Often I find that authors speak the things my heart knows but can’t quite put into words. Words about fear, grief and prayer…Words that offer the sweet relief of knowing that my struggles, spiritual and worldly, are common across mankind. Here are several that have spoken to me. I hope you can appreciate them even if you haven’t encountered a situation where you understand them experientially.

Let’s start with non-fiction.


Non-Fiction Words of Note:

One bold message in the book of Job is that you can say anything to God. Throw at him your grief, your anger, your doubt, your bitterness, your betrayal, your disappointment — he can absorb them all. As often as not, spiritual giants of the Bible are shown contending with God. They prefer to go away limping, like Jacob, rather than to shut God out.” ― Disappointment with God, Philip Yancey

***

When weakness meets weariness, and discouragement meets disillusionment, we must be on our guard. These are spiritually precarious moments. . . I’m finding that what I really need at this phase of life is the refreshing gospel reminder that it is precisely my weaknesses that showcase most clearly and beautifully the strength of God’s grace (2 Corinthians 12:9–10), and that I have need of endurance, so that when I have done the will of God I may receive what he promised (Hebrews  10:36). My weaknesses have a purpose in God’s design, and so does my weariness.”  ― Turning Fifty and Still Fighting for Faith, John Bloom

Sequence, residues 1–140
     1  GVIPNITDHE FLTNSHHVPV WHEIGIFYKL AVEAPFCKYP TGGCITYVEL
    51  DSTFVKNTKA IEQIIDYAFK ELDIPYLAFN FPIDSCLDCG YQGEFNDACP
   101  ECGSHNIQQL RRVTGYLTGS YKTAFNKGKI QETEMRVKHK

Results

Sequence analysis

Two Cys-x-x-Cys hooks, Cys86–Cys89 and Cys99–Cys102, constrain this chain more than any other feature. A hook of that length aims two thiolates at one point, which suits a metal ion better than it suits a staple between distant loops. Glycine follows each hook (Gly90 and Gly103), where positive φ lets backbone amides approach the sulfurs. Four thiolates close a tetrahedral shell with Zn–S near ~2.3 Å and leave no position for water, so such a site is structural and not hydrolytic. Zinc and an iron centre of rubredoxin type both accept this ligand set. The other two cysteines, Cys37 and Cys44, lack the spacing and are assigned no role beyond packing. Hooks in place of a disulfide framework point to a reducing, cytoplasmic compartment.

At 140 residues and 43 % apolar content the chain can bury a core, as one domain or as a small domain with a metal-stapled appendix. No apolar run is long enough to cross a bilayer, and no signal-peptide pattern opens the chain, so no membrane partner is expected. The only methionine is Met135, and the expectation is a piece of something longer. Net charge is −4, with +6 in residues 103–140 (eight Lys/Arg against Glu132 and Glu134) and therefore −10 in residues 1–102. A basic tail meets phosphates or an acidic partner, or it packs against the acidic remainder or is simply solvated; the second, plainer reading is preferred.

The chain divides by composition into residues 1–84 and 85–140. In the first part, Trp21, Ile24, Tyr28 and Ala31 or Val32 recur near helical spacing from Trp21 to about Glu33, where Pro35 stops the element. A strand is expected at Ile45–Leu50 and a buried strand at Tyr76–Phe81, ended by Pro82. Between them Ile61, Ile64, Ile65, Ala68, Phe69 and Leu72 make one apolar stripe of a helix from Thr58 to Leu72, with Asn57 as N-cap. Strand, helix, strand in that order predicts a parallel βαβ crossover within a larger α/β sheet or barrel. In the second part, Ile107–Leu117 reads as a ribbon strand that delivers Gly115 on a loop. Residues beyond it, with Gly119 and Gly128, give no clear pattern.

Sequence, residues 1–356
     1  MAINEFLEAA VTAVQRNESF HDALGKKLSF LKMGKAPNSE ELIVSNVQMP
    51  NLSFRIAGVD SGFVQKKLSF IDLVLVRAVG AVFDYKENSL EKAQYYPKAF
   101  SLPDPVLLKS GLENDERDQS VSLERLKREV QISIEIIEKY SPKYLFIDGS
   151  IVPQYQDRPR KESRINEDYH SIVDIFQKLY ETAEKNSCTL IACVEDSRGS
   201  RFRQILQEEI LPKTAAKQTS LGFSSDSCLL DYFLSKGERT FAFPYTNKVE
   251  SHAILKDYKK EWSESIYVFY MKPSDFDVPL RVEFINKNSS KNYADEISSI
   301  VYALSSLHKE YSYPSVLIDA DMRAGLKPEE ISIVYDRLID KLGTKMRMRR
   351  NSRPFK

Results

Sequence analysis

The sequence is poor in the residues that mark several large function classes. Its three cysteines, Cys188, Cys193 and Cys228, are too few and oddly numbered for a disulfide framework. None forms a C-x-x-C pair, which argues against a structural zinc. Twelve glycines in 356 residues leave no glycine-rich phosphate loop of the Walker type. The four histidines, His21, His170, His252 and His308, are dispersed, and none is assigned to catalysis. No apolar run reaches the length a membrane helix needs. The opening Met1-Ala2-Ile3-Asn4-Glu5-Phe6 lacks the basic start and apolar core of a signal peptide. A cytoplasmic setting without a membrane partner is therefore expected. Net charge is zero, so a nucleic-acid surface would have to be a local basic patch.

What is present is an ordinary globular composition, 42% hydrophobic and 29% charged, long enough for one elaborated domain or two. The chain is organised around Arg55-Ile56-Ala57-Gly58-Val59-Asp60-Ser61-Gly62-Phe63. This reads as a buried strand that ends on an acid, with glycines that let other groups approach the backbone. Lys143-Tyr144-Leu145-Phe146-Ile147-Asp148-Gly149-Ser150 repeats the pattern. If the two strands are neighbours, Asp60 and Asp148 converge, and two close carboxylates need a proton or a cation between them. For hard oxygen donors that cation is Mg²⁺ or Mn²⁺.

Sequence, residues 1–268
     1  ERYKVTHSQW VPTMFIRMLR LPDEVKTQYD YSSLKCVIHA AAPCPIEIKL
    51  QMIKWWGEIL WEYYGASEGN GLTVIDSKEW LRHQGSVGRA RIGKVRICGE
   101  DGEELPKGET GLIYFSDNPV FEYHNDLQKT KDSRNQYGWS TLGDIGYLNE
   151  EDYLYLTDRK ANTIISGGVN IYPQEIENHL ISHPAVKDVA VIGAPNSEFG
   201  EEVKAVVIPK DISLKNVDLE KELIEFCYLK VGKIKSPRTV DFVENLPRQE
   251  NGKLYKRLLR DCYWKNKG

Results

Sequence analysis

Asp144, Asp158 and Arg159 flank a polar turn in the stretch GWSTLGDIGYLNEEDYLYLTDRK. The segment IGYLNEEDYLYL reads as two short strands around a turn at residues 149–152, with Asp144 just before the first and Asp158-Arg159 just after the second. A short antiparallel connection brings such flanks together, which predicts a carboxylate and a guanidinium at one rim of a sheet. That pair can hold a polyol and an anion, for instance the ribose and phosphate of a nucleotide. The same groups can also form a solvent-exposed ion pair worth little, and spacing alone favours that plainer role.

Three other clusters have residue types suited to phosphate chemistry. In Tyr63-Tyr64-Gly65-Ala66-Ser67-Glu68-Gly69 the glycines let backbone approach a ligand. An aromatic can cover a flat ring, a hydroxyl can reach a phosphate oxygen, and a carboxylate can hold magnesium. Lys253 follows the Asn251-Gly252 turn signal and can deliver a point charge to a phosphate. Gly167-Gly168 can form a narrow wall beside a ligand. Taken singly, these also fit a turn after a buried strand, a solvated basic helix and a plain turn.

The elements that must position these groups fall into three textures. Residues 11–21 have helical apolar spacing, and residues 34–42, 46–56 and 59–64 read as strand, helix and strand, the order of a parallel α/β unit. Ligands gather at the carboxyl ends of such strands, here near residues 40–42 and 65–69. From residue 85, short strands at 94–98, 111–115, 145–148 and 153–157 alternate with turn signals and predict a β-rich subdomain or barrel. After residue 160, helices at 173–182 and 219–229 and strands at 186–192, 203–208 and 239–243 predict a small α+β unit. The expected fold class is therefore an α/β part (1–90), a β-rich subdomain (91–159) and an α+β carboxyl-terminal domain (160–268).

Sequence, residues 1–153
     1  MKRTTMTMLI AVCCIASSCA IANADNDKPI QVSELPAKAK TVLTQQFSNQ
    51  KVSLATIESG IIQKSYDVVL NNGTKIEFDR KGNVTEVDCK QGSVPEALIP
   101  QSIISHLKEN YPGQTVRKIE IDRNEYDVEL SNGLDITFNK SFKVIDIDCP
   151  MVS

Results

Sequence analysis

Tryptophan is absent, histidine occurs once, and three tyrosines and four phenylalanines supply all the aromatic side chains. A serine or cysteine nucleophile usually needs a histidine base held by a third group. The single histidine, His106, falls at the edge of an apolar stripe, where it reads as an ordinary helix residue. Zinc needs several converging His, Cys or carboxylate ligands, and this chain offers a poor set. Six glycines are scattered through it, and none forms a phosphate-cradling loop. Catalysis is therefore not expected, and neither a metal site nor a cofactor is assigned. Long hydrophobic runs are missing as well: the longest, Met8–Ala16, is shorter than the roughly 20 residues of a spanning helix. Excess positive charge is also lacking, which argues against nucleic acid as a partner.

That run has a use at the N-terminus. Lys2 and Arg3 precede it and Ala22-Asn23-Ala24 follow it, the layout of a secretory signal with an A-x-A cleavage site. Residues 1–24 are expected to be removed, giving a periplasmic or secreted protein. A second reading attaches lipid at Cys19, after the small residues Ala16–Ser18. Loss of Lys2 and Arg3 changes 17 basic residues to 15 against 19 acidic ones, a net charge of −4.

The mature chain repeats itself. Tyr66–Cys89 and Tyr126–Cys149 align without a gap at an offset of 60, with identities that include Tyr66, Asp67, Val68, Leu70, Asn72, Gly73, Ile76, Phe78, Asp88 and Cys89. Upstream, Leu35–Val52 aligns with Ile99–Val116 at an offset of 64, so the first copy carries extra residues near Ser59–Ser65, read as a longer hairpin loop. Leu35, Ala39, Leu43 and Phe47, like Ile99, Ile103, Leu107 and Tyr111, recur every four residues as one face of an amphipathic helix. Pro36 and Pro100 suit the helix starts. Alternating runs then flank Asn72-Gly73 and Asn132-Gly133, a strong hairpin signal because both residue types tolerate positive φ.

***

“Rejection steals the best of who I am by reinforcing the worst that’s been said to me.” ― Univited , Lysa TerKeurst

***

“Waking up every day and loving someone who may or may not love us back, whose safety we can’t ensure, who may stay in our lives or leave without a moment’s notice, who may be loyal to the day they die or may betray us tomorrow – that’s vulnerability.” ― Daring Greatly, Brene Brown


Great Lines in Fiction:

“I like to think that all those stars are my prayers,” whispers Charlotte. “God thinks they are so pretty he chooses to string them in the sky.” ― How Sweet It Is, Alice J. Wisler

***

“. . . the most difficult battles are not the ones fought outside the armor, but the ones within it.” ― The Prayer Box, Lisa Wingate

***

” It’s been my experience that fear doesn’t have a set of parameters. We can’t turn it off just by realizing we shouldn’t be afraid.” ― Hidden Away, Maya Banks

***